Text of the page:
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Preoccupation with Money




Excerpted from
Love is No Guarantee: What you Need to Know before You fall in Love
By Peter Hector

One of the major causes of unhappiness in people's lives is money. "Money can't buy happiness." "Money can't buy love." "Money is not everything." Everyday, people are in a mad scramble to earn more money. Yes, we need to earn money to provide for our survival, but for most people, the more they have, the more they need. Many people across North America spend at least 40 hours a week at jobs they say they don't particularly enjoy. Yet, many say they would work more hours if the opportunity to earn more presents itself.

People get caught up in the eternal struggle for money because they believe money will bring them happiness. Unfortunately, for many people, it's only after they acquire money that they realize they still feel unhappy. Some people never succeed in reaching their financial goals, so they continue to live unhappy lives blaming their unhappiness on lack of money. Someone once said if you were to take all the money in the world and divide it equally among all the people both rich and poor, within a few years the money will end up in the hands of the same people who have it now. If this were true, it would support my belief that many people need to have money to appreciate that money does not necessarily make people happy!

A final observation

While traveling on the streets of San Juan Puerto Rico several years ago, I saw a sign written in bold letters on the wall of a building. It was written in Spanish and the translation read something like this: "Life is what you are doing now while you're waiting for what you really want."

I began to imagine the thoughts of the writer who thought it necessary to share his/her wisdom with others. But even before then, I realized that most people I met lived their lives dreaming of a better tomorrow. As average Americans go about their daily struggles, dreams of winning the lottery, buying that dream house, or going on luxurious vacations are often on their minds.

There is nothing wrong with dreaming of the future; in fact, it provides a great incentive for people to better themselves. The trouble is that we have become experts at planning for the future, but find it difficult to enjoy what we have today.

Why does it take a close encounter with death or the diagnosis of some terminal illness for us to stop and take a look at our lives? Why do we have to wait until we come to the end of the road to look back and appreciate all the good things life has given us? Wouldn't it be better to really enjoy these things while they are happening? Why can't we enjoy the moment?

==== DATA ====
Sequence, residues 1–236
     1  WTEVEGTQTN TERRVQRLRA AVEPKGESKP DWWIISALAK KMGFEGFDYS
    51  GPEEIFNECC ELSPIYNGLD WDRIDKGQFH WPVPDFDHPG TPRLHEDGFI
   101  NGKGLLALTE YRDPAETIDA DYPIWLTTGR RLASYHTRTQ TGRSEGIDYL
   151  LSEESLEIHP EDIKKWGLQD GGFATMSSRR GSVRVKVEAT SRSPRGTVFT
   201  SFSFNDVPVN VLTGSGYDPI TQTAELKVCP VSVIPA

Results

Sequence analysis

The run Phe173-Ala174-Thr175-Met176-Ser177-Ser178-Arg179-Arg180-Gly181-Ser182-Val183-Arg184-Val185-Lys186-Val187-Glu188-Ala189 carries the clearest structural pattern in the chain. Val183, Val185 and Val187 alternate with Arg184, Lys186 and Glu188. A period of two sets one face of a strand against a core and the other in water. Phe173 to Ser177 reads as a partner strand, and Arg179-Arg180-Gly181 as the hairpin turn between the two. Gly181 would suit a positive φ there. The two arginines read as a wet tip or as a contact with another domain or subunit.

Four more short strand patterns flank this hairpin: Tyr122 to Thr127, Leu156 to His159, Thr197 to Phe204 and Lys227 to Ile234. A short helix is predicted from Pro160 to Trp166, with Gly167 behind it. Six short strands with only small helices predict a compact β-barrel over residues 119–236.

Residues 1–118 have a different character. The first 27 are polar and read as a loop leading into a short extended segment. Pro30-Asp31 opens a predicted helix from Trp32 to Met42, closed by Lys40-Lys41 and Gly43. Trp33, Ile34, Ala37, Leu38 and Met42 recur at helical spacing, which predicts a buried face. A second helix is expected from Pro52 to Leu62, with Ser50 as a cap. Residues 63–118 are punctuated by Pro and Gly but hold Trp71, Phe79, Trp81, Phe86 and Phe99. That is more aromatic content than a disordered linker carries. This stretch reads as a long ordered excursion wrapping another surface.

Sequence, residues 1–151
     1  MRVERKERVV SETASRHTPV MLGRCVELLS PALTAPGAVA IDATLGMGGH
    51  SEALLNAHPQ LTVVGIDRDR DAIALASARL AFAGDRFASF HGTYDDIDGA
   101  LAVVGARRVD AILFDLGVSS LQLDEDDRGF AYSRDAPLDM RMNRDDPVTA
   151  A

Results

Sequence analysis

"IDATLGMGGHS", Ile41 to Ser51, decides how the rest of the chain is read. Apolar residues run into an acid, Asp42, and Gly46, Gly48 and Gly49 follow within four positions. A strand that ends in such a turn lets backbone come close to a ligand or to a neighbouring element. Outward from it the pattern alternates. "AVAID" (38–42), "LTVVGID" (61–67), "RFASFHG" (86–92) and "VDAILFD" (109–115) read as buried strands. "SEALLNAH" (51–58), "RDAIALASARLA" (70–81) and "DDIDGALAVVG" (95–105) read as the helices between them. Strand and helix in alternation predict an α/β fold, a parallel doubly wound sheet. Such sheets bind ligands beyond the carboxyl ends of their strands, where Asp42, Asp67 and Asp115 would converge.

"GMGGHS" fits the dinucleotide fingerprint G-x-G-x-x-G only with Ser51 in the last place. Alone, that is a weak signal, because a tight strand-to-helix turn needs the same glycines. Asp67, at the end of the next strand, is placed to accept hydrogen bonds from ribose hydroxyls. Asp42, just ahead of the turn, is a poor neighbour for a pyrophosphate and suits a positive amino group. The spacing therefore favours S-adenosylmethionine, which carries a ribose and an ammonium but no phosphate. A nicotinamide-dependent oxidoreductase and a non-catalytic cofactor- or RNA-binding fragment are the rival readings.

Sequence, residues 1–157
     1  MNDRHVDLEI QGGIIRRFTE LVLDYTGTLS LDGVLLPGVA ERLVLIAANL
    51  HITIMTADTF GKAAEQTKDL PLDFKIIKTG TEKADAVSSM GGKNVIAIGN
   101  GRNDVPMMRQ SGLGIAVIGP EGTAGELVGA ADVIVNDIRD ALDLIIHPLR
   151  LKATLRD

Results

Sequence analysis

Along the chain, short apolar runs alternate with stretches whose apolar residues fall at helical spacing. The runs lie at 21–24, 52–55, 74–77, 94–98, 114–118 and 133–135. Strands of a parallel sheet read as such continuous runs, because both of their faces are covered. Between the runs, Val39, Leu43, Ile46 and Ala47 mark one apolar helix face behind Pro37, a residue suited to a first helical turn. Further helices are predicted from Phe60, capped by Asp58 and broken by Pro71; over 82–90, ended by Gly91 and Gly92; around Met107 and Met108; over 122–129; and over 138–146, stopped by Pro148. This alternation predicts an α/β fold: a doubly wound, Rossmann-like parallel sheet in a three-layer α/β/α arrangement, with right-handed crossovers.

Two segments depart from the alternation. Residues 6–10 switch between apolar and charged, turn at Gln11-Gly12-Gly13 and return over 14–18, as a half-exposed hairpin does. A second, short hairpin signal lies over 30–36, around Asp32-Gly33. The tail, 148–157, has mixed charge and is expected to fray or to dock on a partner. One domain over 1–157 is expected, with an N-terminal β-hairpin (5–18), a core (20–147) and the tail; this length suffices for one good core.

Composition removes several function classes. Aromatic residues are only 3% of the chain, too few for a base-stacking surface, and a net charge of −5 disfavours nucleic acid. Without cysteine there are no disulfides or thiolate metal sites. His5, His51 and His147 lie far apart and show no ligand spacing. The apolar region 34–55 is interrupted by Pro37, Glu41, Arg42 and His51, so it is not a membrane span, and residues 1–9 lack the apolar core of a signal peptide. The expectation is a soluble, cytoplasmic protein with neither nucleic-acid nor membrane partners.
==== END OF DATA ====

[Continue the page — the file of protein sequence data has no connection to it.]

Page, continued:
About 25 years ago, I was sitting with friends in a fine restaurant. As we savored the fine cuisine, one friend said, "I want us to realize how special this moment is for all of us. Many years from now, we will look back and recall what a good time we had tonight. I say, let's voice our appreciation now so we can enjoy the true value of this moment." I saw the value in his comments then, and through the years I have known many people who have made ambitious plans for the future. Many of them succeeded in achieving their goals but some confessed that things happened so fast, they couldn't fully enjoy their moments of success.

Here's how it goes. First you say, "All I need to do is to graduate from college, find a decent job, then I'll be happy." So you finish school, find your job, but realize you would be happier if you become the manager of your department. So you struggle do achieve the position of manager. Now you say, "It's great being manager. All I need to put the icing on the cake is to buy that new Mercedes Benz." Then the house, the property by the lake, and so on. During this time, you do not place much value on your achievements so far because you see them as a stage you need to go through to achieve what you really want. But when you have accomplished most of the things you wanted, you still do not feel fulfilled. Then you wonder where the time went. More frightening than that, you may have lost your incentive to be happy.

Don't let this happen to you. Prepare for the future but live for the moment. As the saying goes, "Live every day as if it's your last because one day it will be."



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